Getting into competitive Magic is a daunting leap to make. I remember when I first paid serious money on a “real” Standard deck, buying a playset of Snapcaster Mage and Geist of Saint Traft to play White-Blue Delver in 2012. Before that, the most I’d spent on a Magic card was $3 for a Phyrexian Crusader. It was a big step.

If you’re looking to make a similar step forward—perhaps the return of the core set has brought you to Magic, or the drama of Pro Tour 25th Anniversary is making you think about a more serious commitment to competitive Magic—now is a tricky time to buy into Standard. An overwhelming proportion of the format’s staples will depart Standard in a few weeks, so you need to be very careful before buying soon-to-rotate powerhouses.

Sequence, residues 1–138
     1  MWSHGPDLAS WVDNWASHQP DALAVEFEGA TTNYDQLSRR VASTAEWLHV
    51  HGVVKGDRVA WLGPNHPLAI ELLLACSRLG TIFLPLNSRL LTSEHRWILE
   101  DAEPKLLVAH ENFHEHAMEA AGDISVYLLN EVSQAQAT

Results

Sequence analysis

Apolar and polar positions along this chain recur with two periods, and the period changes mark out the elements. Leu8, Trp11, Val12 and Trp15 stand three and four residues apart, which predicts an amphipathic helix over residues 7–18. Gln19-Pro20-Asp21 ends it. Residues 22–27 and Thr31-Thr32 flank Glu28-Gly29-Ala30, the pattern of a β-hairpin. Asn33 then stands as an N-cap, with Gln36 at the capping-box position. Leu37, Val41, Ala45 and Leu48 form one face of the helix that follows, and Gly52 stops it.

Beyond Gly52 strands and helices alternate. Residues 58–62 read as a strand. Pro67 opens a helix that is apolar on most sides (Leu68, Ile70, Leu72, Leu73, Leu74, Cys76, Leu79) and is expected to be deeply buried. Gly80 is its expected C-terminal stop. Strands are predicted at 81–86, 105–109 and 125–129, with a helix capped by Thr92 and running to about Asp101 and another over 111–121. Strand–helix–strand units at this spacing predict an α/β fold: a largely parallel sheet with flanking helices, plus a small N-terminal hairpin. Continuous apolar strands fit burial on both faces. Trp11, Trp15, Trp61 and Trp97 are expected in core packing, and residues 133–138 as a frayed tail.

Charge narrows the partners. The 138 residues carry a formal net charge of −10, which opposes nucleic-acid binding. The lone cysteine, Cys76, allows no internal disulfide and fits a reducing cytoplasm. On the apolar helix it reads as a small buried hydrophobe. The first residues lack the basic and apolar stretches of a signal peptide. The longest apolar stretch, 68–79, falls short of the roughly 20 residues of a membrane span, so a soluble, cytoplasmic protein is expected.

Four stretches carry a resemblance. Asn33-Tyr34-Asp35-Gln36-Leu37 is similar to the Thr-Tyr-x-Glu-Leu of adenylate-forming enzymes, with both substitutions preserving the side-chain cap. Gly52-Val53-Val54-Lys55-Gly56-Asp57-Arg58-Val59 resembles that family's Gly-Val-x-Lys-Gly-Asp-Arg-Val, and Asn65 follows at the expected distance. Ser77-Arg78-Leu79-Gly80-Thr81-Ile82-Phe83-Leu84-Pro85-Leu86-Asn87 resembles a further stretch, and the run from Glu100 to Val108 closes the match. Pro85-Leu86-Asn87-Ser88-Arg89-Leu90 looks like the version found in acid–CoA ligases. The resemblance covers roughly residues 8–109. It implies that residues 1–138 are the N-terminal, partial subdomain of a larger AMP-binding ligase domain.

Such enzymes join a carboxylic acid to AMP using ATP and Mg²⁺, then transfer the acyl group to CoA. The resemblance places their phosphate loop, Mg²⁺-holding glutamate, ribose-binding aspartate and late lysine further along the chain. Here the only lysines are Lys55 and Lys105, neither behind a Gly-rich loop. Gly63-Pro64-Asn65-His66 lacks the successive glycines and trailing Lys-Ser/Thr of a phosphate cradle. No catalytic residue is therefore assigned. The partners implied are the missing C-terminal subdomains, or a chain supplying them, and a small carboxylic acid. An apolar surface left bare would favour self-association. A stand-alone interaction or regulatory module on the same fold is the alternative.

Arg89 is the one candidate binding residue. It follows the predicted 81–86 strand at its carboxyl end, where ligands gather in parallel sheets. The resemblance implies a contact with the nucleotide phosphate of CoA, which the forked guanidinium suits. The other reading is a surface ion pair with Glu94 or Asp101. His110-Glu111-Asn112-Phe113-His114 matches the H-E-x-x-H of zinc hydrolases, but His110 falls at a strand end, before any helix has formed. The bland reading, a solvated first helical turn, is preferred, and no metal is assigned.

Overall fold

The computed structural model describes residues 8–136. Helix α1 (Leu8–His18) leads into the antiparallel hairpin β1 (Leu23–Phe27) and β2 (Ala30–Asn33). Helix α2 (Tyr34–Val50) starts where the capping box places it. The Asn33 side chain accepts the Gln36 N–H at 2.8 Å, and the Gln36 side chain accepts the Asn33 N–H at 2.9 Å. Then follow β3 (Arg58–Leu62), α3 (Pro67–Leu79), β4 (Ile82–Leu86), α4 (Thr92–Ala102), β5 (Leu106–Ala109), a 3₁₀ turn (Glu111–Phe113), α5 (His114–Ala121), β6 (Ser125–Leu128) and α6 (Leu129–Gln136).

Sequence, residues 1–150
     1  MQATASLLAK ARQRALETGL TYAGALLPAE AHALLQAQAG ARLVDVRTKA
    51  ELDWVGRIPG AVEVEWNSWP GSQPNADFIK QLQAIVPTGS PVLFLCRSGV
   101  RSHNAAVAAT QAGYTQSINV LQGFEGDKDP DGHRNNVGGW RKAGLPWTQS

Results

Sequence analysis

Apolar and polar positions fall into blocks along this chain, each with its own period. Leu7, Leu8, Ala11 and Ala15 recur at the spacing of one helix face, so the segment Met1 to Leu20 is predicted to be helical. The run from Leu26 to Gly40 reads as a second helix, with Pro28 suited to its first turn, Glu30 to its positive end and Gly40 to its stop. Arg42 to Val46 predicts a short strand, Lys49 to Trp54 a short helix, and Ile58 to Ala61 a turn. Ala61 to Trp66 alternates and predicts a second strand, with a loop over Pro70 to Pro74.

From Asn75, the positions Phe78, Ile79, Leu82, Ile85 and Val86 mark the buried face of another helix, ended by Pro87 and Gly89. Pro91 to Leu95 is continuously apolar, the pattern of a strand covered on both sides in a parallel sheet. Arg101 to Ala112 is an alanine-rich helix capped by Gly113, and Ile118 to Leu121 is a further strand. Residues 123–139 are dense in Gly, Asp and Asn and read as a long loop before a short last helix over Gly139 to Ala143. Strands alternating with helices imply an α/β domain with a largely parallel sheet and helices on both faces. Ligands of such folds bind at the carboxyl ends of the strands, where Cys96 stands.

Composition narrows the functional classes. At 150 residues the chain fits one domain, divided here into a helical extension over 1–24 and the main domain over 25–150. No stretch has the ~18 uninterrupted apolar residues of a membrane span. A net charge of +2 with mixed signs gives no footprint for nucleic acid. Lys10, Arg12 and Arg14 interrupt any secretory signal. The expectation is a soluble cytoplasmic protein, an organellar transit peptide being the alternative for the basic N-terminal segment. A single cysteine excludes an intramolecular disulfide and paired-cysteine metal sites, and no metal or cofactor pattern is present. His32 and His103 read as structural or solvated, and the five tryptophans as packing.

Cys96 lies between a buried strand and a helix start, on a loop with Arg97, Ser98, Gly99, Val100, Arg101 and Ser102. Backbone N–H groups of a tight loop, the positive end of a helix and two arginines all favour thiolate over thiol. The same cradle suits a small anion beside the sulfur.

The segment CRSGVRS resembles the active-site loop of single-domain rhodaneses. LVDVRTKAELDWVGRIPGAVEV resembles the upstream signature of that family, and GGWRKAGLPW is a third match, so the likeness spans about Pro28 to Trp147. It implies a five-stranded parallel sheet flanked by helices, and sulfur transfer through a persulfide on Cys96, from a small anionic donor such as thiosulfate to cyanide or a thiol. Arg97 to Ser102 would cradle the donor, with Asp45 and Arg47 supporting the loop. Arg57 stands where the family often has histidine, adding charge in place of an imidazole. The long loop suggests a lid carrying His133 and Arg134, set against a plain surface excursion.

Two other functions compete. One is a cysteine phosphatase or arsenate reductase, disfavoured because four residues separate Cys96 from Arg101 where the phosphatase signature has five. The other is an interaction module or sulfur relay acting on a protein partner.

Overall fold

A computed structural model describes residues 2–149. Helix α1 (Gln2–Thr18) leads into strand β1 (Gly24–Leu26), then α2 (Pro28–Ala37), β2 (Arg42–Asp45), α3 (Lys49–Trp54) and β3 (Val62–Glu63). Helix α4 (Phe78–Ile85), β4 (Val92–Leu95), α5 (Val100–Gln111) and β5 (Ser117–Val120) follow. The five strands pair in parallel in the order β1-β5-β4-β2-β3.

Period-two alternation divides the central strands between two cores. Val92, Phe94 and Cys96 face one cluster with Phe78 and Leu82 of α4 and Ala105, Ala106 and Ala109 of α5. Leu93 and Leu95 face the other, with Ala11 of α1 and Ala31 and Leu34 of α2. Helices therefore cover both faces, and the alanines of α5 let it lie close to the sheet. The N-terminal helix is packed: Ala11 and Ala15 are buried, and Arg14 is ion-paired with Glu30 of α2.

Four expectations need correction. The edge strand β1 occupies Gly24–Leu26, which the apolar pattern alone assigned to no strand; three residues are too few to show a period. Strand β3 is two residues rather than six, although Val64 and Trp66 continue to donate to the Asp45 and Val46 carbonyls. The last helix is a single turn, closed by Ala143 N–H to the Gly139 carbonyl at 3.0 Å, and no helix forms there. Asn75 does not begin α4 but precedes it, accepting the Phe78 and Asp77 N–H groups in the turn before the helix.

Today, I’m going to look at two tier 1 decks that will survive rotation, and how you can best manage your investment to get the greatest return when it comes to long-term card viability. In other words, I’m going to find the best cards to buy that have the best chance of seeing play once Guilds of Ravnica replaces the Amonkhet and Kaladesh blocks in October.

White-Blue Control

Although my perspective may be a little biased here, as a rusted-on White-Blue Control player, it’s pretty clear that this deck is powerful, robust, and for the most part survives rotation. While the loss of Torrential Gearhulk will be a blow for all blue-based control lists, those including white will feel the impact much less thanks to their reliance on enchantment-based removal rather than instants.

White-Blue Control

Gabriel Joglar, 1st place at GP Orlando 2018

Gabriel Joglar won GP Orlando with this take on the archetype, and broadly speaking it’s a good blueprint when it comes to what White-Blue Control generally looks like. As you can see, there aren’t too many cards in here that are rotating, and if they are, there are some nice, clean analogues that can and will slot in nicely.